GG Jackson rants in social media video about not getting ball in USC loss to Arkansas

Sam Wolfe/Special To The State

GG Jackson expressed frustration on social media Saturday after South Carolina’s 65-63 home loss to Arkansas.

The much-hyped 18-year-old freshman star had a quiet game by his standards against the Razorbacks, scoring 9 points on 3-of-8 shooting as the Gamecocks (8-15, 1-9 SEC) dropped their seventh-straight game. After the game, Jackson broadcast himself live on Instagram from the Gamecocks’ locker room and said the ball should’ve been in his hands more — especially in the game’s final seconds. A replay of Jackson’s video made the rounds afterward on Twitter.

“Why don’t I have the ball in my hands when it’s crunch time?” Jackson said to more than 120 viewers. “Ain’t I supposed be that quote-unquote, ‘Oh my God, GG..’ I don’t see myself as that, but ain’t I supposed to be that? Just give me that (expletive). I’m not even getting plays drawn up for me in crunch time.”

Down by two points, the Gamecocks had a chance for a last-ditch play with 2.2 seconds left on the clock, but the ball found its way to center Josh Gray, who heaved a desperation 3-pointer well out of his shooting range that clanked off the backboard.

Though Jackson said plays weren’t drawn up for him, head coach Lamont Paris said after the game that the last play was designed to get the ball to Jackson.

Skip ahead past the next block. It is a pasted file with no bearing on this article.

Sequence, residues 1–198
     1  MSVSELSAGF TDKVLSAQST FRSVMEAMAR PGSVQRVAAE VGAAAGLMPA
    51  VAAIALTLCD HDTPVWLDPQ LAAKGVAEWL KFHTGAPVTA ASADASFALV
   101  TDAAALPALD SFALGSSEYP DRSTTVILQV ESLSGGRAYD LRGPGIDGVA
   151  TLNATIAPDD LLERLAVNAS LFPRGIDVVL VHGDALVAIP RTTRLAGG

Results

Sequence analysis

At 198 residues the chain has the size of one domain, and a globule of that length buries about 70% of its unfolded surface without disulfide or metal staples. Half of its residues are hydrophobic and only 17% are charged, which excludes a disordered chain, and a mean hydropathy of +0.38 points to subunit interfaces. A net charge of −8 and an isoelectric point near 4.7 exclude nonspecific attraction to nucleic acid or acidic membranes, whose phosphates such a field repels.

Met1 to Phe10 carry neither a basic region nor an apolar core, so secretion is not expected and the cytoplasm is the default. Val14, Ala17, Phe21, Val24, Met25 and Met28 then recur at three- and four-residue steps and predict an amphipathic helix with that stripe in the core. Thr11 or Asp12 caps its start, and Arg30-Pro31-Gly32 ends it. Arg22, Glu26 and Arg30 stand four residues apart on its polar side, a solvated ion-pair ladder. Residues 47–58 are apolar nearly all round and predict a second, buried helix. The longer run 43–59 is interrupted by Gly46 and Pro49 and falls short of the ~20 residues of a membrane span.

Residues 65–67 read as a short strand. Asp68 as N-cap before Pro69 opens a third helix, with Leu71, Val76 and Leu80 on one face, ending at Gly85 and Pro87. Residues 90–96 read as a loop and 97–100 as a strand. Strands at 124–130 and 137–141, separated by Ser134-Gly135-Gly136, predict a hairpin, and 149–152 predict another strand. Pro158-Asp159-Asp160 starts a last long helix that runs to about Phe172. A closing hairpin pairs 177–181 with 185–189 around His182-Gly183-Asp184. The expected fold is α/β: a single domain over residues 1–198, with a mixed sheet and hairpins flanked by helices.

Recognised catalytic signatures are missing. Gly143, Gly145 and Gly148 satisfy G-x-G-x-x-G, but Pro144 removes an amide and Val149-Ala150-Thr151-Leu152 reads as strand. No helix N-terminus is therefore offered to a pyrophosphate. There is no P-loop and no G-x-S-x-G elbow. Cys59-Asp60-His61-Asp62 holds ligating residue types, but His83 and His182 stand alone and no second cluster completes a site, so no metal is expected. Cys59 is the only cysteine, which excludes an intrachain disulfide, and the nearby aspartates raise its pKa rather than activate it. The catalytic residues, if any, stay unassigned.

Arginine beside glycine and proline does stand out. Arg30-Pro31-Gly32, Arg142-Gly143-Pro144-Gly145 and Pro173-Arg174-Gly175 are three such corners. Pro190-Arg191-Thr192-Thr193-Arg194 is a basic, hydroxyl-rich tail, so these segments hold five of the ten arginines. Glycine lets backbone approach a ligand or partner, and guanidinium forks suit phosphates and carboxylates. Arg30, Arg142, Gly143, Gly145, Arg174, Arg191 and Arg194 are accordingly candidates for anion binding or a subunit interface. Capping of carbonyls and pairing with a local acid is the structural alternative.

“The ball was in the exact spot it was supposed to be, but it was supposed to be GG catching the ball there,” Paris said. “They switch the original screen, and I’ll have to watch it again, but it looked like GG detoured in order to get open.

“GG is our best athlete. I wanted at worst a jump-ball situation in that scenario and that spot right there. ... The original intent was for GG to catch it there with Meechie (Johnson) following behind.”

Jackson, a Columbia native and star at Ridge View High School, has been in the college basketball spotlight for quite some time. After initially committing to play to North Carolina as the No. 1 player in the 2024 recruiting class, Jackson decommitted, reclassified to the 2023 class and committed to Paris and the Gamecocks.

At the time it was viewed as a seismic win for Paris and USC on the recruiting trail. And for the most part, Jackson has lived up to his future NBA promise, leading the Gamecocks in scoring (16.1 points per game) and rebounding (6.6 per game) heading into the loss against the Hogs.

But there have been freshman lapses from Jackson, too — moments where his body language has slipped or his effort is lacking in getting down the court. Paris benched Jackson to start the second half against Tennessee on Jan. 7 for those exact reasons, and he challenged Jackson during halftime at Georgetown after he went scoreless in the first half.

Jackson’s play is one of the few bright spots for a thin USC team in a transitional year. Given his NBA-level promise, the 6-foot-9 forward might only play a single season in Columbia. Although during the same Instagram live broadcast, Jackson hinted the exact opposite could be the case.

“I don’t even know what I’m doing next year,” Jackson said. “I’m thinking about staying. I don’t know.

“... I can’t even transfer if I stay next year. I already done betrayed one school. I can’t do it to another one.”

Jackson and the Gamecocks are scheduled to play at Missouri on Tuesday.